But as Carrie noted, college campuses — especially in Colorado — are ripe for SNAP participation. More than three-fourths of Colorado students already meet the work requirement, and increasingly, many come from low-income households. CLASP estimates that 57 percent of all Colorado students could receive federal food assistance if they applied — support that would help stave off hunger and lower the overall cost of college.
A complicated process
Getting the benefits, however, is far from guaranteed. Former CCD student Katalina, who plans to pursue a degree in sociology and political science, was denied SNAP a few years ago.
“I never knew about SNAP until I went to CCD’s food pantry. They had these little informational cards,” she said. “I tried to apply, but I made too much money. I’m obviously working these other jobs because I can’t make it. I’m struggling.
“I’ve never tried to reapply,” she continued. “I barely have enough money for gas to get down to school.”
Beyond making these tough choices, many students also face cultural expectations to provide for themselves, she said. Asking for help can be an intimidating, even degrading encounter.
“The experience is very dehumanizing. You have to put your pride aside,” Katalina said about the application process. “You have to wait in line [in the human services office]. You don’t want to go back to that. It’s stressful to be sitting in those seats, waiting.” Instead of waiting for students to reach out, Katalina suggested, faculty and staff should actively tell students about SNAP and other federal benefit programs.
Aujanair, who is earning her GED through Mile High Youth Corps, has faced similar challenges in securing SNAP benefits. While caring for her infant daughter, Aujanair lost eligibility because she failed to meet the work requirement. Fortunately, Mile High Youth Corps allows her to study and work at the same time, and she’s on her way to earning a credential. In addition to getting her OSHA certification in construction, Aujanair will also qualify for a scholarship that can jumpstart her college education.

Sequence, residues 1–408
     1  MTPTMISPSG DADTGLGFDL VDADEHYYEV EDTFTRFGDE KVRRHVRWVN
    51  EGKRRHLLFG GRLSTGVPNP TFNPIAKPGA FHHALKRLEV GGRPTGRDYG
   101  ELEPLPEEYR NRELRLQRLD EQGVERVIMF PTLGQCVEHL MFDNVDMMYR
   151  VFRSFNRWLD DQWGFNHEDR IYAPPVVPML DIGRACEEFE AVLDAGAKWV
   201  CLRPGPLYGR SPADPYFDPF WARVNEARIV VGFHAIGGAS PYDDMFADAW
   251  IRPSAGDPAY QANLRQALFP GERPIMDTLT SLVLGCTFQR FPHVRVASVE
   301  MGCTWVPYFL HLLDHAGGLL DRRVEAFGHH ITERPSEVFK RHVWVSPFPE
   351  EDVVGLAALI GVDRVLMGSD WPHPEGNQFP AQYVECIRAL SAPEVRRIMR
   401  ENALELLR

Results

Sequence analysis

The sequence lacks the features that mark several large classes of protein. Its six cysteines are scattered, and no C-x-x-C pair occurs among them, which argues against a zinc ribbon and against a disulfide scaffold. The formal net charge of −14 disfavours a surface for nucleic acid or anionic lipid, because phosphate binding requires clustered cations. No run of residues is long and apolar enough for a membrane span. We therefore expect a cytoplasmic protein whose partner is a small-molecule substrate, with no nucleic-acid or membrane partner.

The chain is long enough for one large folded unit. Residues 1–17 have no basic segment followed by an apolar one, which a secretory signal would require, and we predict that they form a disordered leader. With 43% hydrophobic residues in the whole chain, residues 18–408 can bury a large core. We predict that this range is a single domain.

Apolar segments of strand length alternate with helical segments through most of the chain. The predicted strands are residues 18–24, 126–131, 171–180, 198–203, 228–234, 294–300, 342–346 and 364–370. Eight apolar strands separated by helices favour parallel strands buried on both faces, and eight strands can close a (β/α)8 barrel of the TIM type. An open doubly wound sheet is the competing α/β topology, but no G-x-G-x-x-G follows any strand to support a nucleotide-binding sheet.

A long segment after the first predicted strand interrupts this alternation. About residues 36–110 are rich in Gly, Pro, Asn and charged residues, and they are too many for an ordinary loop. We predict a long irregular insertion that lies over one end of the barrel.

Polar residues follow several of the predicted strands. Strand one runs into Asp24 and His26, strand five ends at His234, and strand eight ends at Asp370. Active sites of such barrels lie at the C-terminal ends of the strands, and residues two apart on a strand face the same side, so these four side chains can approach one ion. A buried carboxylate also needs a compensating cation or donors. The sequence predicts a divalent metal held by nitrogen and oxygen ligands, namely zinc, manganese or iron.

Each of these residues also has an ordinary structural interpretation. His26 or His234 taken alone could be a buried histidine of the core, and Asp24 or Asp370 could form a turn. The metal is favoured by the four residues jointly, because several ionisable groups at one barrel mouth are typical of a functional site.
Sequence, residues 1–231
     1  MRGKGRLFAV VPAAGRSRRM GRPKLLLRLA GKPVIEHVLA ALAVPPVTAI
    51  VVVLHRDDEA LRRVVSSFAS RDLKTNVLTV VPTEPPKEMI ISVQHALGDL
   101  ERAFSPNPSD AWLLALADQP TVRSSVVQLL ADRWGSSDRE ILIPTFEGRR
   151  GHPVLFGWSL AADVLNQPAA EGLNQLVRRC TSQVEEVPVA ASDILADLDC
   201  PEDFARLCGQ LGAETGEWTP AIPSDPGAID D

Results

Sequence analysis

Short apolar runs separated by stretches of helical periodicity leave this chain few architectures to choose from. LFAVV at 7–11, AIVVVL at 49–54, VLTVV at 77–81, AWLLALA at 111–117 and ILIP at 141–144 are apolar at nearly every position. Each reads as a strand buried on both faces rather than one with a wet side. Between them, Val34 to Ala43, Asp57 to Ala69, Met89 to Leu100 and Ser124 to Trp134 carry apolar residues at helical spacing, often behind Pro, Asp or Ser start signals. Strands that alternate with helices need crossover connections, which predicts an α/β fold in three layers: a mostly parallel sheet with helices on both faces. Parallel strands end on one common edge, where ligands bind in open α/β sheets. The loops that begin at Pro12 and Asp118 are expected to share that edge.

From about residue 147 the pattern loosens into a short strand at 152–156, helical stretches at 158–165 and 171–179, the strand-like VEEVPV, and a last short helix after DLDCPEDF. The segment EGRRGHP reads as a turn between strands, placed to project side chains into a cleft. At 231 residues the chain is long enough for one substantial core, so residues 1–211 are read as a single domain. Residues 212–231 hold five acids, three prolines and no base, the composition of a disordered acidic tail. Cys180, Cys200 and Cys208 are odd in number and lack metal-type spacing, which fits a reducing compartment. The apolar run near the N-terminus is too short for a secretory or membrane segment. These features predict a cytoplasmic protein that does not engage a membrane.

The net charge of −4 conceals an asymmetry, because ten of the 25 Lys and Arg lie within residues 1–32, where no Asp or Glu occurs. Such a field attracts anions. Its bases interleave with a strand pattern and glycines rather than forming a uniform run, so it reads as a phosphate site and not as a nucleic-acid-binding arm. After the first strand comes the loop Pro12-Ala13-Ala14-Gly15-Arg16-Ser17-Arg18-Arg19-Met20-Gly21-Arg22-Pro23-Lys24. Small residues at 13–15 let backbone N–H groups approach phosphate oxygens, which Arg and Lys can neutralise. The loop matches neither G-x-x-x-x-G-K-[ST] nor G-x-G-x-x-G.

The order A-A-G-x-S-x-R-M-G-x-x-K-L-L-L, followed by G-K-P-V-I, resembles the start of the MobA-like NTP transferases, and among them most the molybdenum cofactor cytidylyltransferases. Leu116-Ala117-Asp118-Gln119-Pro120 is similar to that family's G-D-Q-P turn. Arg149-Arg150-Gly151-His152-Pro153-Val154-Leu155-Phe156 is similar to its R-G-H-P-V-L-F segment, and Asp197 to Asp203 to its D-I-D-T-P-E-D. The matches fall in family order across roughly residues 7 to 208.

“I want to live comfortably, have my own place and not be in public housing and on SNAP,” she told the group. “Sometimes I just want to get my GED and get out, but I just keep pushing myself.”
Knocking down barriers
Although these young women are proud of what they have overcome, they said campuses can do much more to prevent students from going hungry. Covering SNAP at freshman orientation, embedding the application into existing financial aid processes or providing more one-on-one guidance could all break through the stigma and improve participation, panelists said.
Campuses can also change policies and programs to help more students qualify for SNAP. Since students who receive a work study position — either through federal or state financial aid — are eligible for SNAP, institutions could prioritize awards for food-insecure students.
At the state level, Colorado could count workforce training programs toward the SNAP work requirement; some states have broadened the definition of qualifying programs to ensure more students meet SNAP eligibility. Colorado leaders could also push for higher income thresholds or lower work hour requirements to expand the eligibility pool.
Knocking down those barriers, the panelists said, is critical in an economy that demands higher levels of education. When you’re already paying so much for tuition, Katalina said, struggling to eat can feel like a slap in the face. Still, she’s determined to get back on track and earn her degree.
“I don’t believe a piece of paper defines me or what I can do, but I know the reality,” she said. “I have to get that piece of paper.”
For more information on SNAP participation among college students, visit the CLASP website.